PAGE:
Happy World AIDS Day just doesn’t sound right does it?
Haven’t blogged in a while. Why? No real reason- just a bit of ennui plus inertia. But today is our day, so here is what I am thinking today.
The new Guidelines were released this morning. I am a community member on the panel that writes the recommendations, and this update includes some important changes. Just so we are clear- I do not speak for the Guidelines panel- these are just my thoughts.
One major change is the ’when to start’ language. Specifically starting treatment with a CD4 count between 350 and 500 in now recommended. There was significant difference of opinion on how to characterize the strength of evidence for this- most saying the evidence is strong, but a significant minority seeing the evidence as more moderate. Treatment with a CD4 count above 500 is talked about- basically stating that the panel was evenly split between those basically supporting treating virtually everyone with HIV and those who feel that the evidence is just not strong enough and that treatment could be initiated, but should not be recommended.
My thinking? I have come to believe that, in most cases treatment is better than no treatment. The panel bases it’s guidelines on the available evidence- which is where these questions become sticky. There simply isn’t a large, prospective, randomized, controlled clinical trail answering the ’when to start’ question. Lacking this gold standard means we have to look at other forms of research- non-randomized trials, retrospective analyses, cohorts and so on- to build the recommendations.
To me the data, while not straight forward, are convincing. Most of the studies done in the past 5 years or so show strong benefit of treatment, in most cases. While there is no debate that HIV drugs can cause harm, it is increasingly clear that the untreated virus wreaks much havoc, beyond CD4 counts. Looking at heart disease, liver disease, kidney disease, cognitive function, aging- whatever measure you look at, people on meds seem to do better than those not on treatment.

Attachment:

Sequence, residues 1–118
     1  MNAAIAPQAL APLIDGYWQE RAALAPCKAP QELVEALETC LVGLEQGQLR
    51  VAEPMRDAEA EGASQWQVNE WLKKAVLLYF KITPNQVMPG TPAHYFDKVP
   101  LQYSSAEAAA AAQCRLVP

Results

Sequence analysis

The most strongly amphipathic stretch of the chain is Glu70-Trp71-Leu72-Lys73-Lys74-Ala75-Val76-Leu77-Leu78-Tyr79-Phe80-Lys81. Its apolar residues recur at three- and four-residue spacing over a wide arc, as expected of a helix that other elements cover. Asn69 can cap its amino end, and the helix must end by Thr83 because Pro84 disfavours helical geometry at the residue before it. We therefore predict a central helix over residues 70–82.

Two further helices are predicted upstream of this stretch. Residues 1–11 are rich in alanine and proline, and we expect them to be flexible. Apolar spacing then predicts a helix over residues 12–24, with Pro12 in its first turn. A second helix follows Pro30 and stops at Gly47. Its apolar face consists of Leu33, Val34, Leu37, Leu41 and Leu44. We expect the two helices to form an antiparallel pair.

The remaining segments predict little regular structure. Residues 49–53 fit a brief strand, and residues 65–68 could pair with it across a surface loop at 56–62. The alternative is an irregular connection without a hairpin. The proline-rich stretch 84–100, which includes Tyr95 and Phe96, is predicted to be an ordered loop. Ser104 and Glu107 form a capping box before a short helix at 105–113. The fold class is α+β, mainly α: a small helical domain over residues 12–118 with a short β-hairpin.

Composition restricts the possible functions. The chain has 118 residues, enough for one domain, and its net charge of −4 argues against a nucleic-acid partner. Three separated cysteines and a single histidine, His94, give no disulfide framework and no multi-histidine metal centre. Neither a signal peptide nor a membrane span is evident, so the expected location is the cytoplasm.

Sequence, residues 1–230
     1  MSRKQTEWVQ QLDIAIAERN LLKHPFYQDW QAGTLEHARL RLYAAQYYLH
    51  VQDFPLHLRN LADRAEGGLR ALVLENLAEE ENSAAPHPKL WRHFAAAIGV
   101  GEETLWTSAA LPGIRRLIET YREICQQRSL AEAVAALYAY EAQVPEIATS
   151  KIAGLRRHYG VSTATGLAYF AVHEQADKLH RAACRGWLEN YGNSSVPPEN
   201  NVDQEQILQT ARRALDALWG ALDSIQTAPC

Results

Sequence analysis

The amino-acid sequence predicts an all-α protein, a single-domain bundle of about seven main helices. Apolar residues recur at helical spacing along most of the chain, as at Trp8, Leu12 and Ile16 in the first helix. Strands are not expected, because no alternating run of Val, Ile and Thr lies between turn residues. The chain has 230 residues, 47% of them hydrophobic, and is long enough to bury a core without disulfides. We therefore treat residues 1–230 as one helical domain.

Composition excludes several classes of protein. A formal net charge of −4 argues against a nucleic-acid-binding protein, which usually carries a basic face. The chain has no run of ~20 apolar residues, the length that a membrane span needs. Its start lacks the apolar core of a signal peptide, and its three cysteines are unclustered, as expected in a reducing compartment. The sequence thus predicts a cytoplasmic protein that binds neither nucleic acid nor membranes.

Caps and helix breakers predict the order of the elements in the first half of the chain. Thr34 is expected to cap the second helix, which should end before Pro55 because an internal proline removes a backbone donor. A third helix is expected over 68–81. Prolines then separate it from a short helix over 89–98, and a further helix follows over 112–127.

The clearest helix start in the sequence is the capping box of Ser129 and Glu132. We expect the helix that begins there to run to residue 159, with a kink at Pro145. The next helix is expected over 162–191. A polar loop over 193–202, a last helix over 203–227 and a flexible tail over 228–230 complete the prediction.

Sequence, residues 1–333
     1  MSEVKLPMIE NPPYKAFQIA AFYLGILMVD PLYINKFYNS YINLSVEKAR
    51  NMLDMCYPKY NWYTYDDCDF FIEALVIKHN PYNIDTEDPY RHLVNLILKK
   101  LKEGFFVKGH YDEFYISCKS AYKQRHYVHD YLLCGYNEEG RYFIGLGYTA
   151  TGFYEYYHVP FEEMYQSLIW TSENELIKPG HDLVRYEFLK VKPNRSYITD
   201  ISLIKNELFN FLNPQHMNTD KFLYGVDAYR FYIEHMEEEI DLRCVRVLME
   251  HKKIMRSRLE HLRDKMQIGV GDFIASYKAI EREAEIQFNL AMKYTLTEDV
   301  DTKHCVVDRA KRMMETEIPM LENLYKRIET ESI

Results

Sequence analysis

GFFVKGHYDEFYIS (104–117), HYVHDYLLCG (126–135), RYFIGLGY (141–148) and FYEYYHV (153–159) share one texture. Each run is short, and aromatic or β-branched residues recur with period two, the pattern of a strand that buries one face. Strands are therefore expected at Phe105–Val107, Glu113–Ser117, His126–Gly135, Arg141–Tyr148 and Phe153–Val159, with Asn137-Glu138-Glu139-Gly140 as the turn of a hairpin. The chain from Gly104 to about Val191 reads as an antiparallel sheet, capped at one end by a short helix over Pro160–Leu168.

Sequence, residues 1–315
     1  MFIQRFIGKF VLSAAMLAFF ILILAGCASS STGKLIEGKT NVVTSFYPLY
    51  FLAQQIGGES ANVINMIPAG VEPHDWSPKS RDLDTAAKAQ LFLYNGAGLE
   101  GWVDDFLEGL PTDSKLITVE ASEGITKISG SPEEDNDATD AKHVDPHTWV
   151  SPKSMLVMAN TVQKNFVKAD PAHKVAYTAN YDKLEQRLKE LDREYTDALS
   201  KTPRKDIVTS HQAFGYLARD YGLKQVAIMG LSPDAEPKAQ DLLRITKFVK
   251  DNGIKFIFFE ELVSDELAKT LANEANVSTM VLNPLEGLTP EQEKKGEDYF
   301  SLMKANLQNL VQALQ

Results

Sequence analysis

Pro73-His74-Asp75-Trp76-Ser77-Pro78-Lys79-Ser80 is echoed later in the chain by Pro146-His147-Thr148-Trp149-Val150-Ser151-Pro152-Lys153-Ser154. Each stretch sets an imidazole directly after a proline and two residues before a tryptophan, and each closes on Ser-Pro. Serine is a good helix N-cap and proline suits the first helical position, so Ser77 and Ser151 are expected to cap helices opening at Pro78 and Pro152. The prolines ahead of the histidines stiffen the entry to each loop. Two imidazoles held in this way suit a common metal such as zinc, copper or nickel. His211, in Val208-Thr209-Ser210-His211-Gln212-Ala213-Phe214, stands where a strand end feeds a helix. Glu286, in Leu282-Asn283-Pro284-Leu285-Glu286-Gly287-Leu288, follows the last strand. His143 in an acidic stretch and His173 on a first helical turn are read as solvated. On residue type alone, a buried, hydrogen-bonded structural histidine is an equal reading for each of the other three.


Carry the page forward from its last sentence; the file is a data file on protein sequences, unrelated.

The other major changes are in the ’what to start’ section where Kaletra was ’demoted’ to alternative (while still preferred for pregnant women), and Isentress was added to the ’preferred’ list. This boils down to side effects- most widely used HIV drugs work well now in terms of reducing viral load- the real differences (for the most part) are around toxicity. Simply put, Kaletra’s effect on lipids (fats) and some data suggesting it might increase the risk of heart attack, dragged it down to alternative.
Adding Isentress to the ’preferred’ first line group made sense to me. The STARTMRK data show it works quite well as part of initial therapy. The real question for me is more philosophical- given how well this drug works in later treatment and with no back up integrase drug in the foreseeable future, is it wise to use this drug as a first option. In my opinion- probably not. But that is just my opinion- the data support its use this way, and so I supported adding it to the list.